Exam #2: Cranial Nerve II Flashcards Preview

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Flashcards in Exam #2: Cranial Nerve II Deck (58):
1

What are the functional components of CN III?

- GSE= skeletal motor to upper eyelid & extraocular muscles
- GVE= PNS to smooth muscles of the eye

2

What skeletal muscles are innervated by CN III i.e. what muscles are innervated by the GVE portion of CN III? What is the mnemonic to help remember these?

- Levator palpebrae superioris
- Superior rectus
- Medial rectus
- Inferior rectus
- Inferior oblique

*SO4LR6

3

What smooth muscles are innervated by the PNS division of CN III? What are their functions?

- Sphincter pupillae m.= constriction of the pupil
- Ciliary m.= accommodation for near vision

4

What is the oculomotor complex?

Oculomotor nucleus
Edinger-Westphal nucleus (EW-N)

5

What is the difference between the oculomotor nucleus & EW-N?

Oculomotor= GSE to most of the extraocular muscles
EW-N= GVE i.e. PNS

6

Where is the oculomotor complex located?

Rostral midbrain

7

Describe the pathway of the axons that arise from the oculomotor nucleus.

Oculomotor nucleus is located inferior to the EW-N & periaqueductal gray in the rostral midbrain. Axons:
- Pass through Red Nucleus into
- Exit in the Interpeduncular fossa

8

Where is the EW-N relative to the oculomotor nucleus? Describe the pathway of its axons.

Superior--axons follow the same path as the oculomotor nucleus

9

Where does CN III travel relative to the cerebral vasculature?

Between the
- PCA
- Basilar
- Superior Cerebellar Artery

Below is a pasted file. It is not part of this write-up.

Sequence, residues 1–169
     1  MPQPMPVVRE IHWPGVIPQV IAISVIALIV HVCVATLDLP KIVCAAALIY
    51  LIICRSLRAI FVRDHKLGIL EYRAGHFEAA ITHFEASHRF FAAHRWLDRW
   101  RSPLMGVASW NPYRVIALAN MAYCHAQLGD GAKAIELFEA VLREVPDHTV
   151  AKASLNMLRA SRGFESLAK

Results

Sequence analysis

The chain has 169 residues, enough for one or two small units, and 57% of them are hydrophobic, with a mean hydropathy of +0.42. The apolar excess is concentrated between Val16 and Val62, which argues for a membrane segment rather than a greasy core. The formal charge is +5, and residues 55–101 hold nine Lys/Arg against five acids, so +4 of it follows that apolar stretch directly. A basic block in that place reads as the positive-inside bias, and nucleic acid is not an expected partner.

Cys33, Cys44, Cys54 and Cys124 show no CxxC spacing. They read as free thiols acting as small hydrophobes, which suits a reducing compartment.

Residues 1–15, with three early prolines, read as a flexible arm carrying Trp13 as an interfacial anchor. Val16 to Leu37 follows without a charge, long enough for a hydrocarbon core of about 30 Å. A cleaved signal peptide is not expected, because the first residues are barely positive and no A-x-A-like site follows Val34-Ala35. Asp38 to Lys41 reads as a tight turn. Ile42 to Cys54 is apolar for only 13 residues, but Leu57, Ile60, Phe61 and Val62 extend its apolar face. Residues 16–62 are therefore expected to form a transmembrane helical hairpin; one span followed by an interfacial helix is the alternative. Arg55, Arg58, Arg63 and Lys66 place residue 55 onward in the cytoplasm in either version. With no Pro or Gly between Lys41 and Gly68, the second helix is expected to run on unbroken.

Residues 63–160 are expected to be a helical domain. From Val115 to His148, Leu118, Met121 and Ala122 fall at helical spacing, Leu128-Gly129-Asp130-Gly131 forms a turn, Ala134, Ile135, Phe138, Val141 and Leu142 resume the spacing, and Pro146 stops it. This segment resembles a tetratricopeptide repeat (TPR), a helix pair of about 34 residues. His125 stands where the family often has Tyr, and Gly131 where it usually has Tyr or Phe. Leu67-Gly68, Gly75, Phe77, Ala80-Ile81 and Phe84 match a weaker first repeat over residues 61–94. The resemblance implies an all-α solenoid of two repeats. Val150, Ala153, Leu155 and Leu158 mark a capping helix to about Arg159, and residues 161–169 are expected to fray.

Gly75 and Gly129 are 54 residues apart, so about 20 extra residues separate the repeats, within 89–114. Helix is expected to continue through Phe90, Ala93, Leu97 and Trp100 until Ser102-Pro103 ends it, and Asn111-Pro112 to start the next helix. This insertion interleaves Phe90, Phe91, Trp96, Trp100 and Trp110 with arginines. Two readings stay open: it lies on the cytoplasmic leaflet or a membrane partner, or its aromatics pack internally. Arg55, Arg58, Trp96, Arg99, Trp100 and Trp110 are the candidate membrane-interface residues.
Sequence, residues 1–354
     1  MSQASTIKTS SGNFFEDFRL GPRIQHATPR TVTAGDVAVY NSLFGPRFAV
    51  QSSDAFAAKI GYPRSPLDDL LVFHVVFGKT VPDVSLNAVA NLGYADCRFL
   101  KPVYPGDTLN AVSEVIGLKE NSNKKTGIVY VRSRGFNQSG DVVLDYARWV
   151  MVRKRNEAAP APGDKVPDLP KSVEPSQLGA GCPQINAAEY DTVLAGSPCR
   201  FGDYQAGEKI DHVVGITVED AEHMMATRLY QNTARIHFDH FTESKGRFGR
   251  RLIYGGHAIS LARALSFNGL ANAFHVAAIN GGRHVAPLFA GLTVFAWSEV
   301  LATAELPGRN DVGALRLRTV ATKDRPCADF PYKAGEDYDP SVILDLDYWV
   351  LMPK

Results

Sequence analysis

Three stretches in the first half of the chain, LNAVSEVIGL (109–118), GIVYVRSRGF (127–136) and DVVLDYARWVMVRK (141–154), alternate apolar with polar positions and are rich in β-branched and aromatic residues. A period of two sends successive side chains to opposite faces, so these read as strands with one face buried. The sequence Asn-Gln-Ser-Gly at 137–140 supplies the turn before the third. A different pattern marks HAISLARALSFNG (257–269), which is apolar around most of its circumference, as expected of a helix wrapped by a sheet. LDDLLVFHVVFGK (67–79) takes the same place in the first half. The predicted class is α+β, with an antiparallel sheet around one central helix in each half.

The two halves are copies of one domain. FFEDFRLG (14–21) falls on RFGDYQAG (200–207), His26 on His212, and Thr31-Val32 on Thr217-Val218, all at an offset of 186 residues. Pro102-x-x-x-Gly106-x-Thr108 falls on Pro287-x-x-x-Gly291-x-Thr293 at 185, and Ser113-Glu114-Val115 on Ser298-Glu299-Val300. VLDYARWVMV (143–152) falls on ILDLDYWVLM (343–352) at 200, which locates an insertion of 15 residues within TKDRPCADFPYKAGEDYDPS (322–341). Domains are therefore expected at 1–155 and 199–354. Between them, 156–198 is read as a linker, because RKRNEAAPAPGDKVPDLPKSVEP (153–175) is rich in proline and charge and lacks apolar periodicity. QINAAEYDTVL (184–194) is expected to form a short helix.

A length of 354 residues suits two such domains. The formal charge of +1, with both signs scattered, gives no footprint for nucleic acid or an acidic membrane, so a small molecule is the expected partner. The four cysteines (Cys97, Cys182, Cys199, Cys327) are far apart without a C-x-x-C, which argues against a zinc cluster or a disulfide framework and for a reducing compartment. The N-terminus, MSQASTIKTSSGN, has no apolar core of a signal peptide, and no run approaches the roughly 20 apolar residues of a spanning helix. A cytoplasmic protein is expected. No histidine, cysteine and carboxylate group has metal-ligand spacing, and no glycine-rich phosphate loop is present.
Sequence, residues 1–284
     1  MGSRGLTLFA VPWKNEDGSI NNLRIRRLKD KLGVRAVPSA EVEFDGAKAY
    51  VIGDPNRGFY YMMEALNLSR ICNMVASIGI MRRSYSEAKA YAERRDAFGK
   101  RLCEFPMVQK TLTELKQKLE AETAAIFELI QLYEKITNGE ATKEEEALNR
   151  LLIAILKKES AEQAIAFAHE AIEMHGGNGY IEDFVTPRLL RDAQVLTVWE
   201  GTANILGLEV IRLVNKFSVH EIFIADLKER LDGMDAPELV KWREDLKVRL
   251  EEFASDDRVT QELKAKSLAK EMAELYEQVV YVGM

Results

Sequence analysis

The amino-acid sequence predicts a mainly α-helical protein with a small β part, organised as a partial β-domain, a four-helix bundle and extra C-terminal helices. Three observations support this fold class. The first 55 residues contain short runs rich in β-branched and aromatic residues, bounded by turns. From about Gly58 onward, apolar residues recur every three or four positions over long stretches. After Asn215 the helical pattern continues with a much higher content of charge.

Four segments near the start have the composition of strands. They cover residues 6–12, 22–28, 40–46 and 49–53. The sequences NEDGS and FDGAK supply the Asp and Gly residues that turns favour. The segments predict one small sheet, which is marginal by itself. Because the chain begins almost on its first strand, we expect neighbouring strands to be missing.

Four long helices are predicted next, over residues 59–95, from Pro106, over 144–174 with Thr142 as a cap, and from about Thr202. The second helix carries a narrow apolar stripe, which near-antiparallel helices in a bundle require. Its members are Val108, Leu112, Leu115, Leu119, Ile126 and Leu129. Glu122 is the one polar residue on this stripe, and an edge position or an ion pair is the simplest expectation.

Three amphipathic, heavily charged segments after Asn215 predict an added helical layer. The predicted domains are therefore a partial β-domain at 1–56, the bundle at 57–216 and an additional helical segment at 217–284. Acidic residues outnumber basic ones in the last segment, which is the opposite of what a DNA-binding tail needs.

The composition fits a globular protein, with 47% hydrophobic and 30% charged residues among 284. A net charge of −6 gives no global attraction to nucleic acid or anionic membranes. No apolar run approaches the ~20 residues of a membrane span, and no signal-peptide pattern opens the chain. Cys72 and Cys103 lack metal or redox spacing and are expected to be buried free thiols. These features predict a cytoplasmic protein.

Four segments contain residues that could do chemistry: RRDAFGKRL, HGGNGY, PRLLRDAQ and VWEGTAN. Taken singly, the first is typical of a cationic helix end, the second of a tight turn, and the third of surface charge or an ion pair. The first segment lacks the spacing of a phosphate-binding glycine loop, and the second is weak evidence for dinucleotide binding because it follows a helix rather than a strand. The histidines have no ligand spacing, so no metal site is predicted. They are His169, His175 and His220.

10

Where are aneurysms most common in the cerebral arteries? What are the clinical implications?

Bifurcations--this is close to the space that contains CN III

11

What foramen does CN III pass through to enter the orbit?

Superior orbital fissure

12

What sinus does CN III pass through? What is the clinical implication?

Cavernous sinus--infection or aneurysm in this sinus can impact the function of CN III

13

Where do preganglionic PNS fibers of EW-N terminate?

Ciliary ganglion

14

What nerve carries postganglionic fibers from the ciliary ganglion?

Short ciliary nerves of the trigeminal nerve (CN V)

15

What muscles do the short ciliary fibers of CN V innervate?

Ciliary muscle
Sphincter pupillae m.

16

What is the function of the ciliary muscle?

Lens accomondation for near vision

17

What is the function of the sphincter pupillae muscle?

Pupillary constriction

18

Describe the presentation of a CN III lesion in regards to its GSE function.

The following muscles will be impacted:
LPS = ptosis
- Compensation by raising the eyebrow= wrinkling of forehead

Sup/ Inf. Rectus= no vertical movement